“What are some of the major forces rapidly reshaping America’s food conversation?” That was one of several questions a group of leading food innovators wrestled with recently at the Monterey Bay Aquarium‘s Sustainable Foods Institute. Beyond the latest diet trends, superfoods, nutrition science and policy, here are three trends shaking up the nutrition world right now.
An “Ecosystem Mashup”
William Rosenzweig, dean and executive director of the Food Business School at the Culinary Institute of America and founding CEO of the Republic of Tea, spoke of the new “ecosystem mashup.” What that means is, because food is directly tied to so many of our modern challenges (such as health, sustainability, corporate responsibility and social justice), an unprecedented number of innovative entities have begun taking food seriously. With social entrepreneurs, venture capitalists, food activists, Silicon Valley executives, farmers, NGOs and passionate consumers involved, many old ways of doing things are ready for change.
Implication for RDNs: Opportunities are exploding, providing us with an unprecedented level of new potential influence. With more voices in the mix, fresh collaborative opportunities await that can sharpen our relevance, broaden our thinking and expand our influence. How are these voices impacting our own traditional spheres of influence?
Growth Will Be Exponential
A slew of new technologies and business approaches have increased the amount of sharing, the level of transparency and the reach of conversations to unprecedented (“exponential”) levels. Traditional (“linear”) models of business and influence are no longer the only options. Think of Airbnb upending Hilton Hotels, Instagram shuttering Kodak and Chipotle taking a hefty bite out of the traditional fast food chains’ profits. In the digital age, conversations and resources that were once concentrated in the hands of the few have been unleashed and have rapidly changed the way Americans (especially younger generations) think about, purchase and consume food.
Implications for RDNs: With the acceleration of ideas and information, there is tension between the idea of “move fast and break things” (once Facebook’s mantra) versus going slow and being deliberate. How does our profession reconcile the imperative to be evidence-based with the need to be up on the latest thing? What opportunities and risks are there for our profession in this new dynamic?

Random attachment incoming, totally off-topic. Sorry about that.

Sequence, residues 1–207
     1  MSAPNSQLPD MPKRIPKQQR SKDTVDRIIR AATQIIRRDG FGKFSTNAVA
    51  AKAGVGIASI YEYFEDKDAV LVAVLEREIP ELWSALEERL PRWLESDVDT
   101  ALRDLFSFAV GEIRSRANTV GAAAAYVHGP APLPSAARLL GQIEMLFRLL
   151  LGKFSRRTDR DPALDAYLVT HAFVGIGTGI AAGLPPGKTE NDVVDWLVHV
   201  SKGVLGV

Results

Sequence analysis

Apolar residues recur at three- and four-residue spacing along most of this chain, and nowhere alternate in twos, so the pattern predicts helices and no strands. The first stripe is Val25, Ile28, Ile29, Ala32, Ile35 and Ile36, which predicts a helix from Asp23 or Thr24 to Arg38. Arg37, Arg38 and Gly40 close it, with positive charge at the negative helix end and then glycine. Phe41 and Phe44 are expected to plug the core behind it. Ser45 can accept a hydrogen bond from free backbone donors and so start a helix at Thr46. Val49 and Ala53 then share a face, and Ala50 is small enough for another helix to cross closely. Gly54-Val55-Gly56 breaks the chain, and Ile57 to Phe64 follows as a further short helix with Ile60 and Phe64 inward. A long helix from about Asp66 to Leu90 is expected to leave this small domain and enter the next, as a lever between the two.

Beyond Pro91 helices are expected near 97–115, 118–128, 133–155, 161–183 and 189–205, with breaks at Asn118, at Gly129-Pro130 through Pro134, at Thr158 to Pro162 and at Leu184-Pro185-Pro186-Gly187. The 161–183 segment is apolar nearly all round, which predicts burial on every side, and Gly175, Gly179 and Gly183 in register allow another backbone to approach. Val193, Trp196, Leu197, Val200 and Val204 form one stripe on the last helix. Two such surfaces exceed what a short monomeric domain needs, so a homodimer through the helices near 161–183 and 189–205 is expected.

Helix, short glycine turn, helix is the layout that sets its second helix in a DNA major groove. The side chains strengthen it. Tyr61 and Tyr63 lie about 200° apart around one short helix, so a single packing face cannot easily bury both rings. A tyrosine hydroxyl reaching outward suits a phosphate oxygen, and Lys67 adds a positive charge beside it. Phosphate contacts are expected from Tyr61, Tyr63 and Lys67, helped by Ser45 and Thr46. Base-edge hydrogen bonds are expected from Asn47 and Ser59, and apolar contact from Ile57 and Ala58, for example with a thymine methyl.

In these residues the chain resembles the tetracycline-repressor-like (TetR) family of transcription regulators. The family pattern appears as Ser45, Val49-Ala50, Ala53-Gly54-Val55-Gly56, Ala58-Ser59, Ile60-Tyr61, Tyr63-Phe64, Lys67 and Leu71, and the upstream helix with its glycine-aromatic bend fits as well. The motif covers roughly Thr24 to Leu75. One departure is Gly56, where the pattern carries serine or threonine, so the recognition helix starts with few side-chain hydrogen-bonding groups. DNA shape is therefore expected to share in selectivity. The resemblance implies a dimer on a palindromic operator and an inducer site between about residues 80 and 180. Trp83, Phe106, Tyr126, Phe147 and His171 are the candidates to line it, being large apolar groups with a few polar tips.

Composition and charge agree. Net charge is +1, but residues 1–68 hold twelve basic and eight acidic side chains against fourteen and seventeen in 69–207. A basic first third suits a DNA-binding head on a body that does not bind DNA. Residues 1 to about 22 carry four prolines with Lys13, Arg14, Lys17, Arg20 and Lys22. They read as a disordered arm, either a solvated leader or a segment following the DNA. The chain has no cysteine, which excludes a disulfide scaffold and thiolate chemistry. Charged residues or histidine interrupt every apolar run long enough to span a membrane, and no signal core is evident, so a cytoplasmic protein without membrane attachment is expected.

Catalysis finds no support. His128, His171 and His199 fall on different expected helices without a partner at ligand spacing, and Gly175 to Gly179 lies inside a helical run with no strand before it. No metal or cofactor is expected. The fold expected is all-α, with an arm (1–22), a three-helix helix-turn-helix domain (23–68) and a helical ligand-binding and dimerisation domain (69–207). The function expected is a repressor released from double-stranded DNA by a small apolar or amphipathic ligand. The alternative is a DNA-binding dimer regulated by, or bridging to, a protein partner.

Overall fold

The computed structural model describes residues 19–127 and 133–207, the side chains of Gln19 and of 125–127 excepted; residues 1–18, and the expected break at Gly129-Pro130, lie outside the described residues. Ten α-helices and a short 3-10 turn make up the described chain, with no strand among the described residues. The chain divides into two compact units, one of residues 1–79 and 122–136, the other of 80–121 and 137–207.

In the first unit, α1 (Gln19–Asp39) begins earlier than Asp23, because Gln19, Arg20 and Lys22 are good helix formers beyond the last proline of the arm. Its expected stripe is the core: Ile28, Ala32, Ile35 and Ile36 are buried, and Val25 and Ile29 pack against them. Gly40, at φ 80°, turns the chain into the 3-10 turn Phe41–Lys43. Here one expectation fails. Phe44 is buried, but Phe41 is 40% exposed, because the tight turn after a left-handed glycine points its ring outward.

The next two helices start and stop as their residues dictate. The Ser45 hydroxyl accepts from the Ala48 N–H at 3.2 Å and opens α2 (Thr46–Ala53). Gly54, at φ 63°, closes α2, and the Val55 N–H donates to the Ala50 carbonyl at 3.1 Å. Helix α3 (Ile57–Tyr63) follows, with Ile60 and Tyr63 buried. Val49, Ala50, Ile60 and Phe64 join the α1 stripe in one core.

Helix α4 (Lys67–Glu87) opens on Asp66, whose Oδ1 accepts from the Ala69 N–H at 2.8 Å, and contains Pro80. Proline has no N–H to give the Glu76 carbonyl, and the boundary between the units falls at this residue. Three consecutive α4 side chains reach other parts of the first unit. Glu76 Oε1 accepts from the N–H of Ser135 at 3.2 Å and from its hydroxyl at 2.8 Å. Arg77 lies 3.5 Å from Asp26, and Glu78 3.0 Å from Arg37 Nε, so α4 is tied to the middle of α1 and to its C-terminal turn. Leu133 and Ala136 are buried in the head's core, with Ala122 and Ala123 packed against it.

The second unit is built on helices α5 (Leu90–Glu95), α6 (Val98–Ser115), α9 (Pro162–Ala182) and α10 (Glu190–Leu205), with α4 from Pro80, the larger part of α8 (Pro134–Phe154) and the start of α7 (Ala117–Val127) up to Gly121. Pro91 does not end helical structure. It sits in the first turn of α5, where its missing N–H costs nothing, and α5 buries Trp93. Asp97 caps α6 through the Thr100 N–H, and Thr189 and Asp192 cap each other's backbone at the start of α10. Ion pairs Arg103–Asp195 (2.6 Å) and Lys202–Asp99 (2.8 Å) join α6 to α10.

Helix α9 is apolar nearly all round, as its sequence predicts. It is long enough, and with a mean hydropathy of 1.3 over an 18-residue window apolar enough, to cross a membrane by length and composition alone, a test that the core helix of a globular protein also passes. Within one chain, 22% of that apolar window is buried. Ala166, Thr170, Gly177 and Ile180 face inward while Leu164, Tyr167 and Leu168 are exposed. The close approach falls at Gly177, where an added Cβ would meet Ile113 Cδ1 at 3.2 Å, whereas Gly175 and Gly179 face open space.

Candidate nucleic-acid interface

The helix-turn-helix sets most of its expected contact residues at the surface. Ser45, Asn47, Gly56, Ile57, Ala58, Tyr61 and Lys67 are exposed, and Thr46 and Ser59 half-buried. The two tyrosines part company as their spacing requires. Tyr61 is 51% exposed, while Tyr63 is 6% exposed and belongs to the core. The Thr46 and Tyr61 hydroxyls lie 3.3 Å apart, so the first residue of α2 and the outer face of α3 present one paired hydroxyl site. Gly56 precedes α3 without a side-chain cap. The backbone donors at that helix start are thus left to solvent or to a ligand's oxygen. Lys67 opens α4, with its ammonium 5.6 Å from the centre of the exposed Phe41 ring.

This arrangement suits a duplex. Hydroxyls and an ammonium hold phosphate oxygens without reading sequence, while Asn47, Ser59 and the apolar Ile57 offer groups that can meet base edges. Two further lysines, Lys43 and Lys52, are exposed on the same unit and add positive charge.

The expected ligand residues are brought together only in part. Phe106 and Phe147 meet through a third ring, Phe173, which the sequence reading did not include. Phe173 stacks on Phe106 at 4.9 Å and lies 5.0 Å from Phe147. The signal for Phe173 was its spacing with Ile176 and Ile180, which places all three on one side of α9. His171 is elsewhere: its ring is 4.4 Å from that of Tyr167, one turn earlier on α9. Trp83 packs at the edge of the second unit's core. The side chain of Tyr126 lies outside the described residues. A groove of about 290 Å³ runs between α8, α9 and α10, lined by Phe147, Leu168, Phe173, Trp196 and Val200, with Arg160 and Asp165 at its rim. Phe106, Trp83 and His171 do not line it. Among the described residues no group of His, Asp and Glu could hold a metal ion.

Food Waste Recovery Will Become the Norm
While policy has done an admirable job of making food cheaper, it has also contributed to a significant increase in food waste. In the U.S. alone, per capita food waste has increased 50 percent since 1974 to an average of 1,400 calories per person per day. Globally, one-third of food produced is lost or wasted.
The food waste-hunger paradox in America is ripe for disruption. “We could cut hunger in America in half by recovering just 15 percent of the food America wastes,” says Ben Simon of the Food Recovery Network. He sees higher education as the first sector where Food Waste Recovery will soon be the norm rather than the exception. His company works with more than 110 colleges and has donated more than 500,000 meals.
The other area in which food waste could be cut is on the farm. “In fact, 20 percent of perfectly good produce never even makes it off the farm because it is ‘cosmetically challenged,'” says Simon. To combat this, he and his partners have launched Imperfect Produce, a delivery service for funny-looking fruits and veggies that would otherwise be wasted.
Implications for RDNs: Change in this area often requires rethinking and reworking well-intentioned rules and policies governing leftovers, food waste and unpicked produce. But successful models — and legal clearance — often exist for those willing to pursue it, and the payoff is making nutrient-rich foods available and more affordable to people who need them most.
Disclosure: I was given a media pass to attend the Monterey Bay Aquarium Sustainable Foods Institute.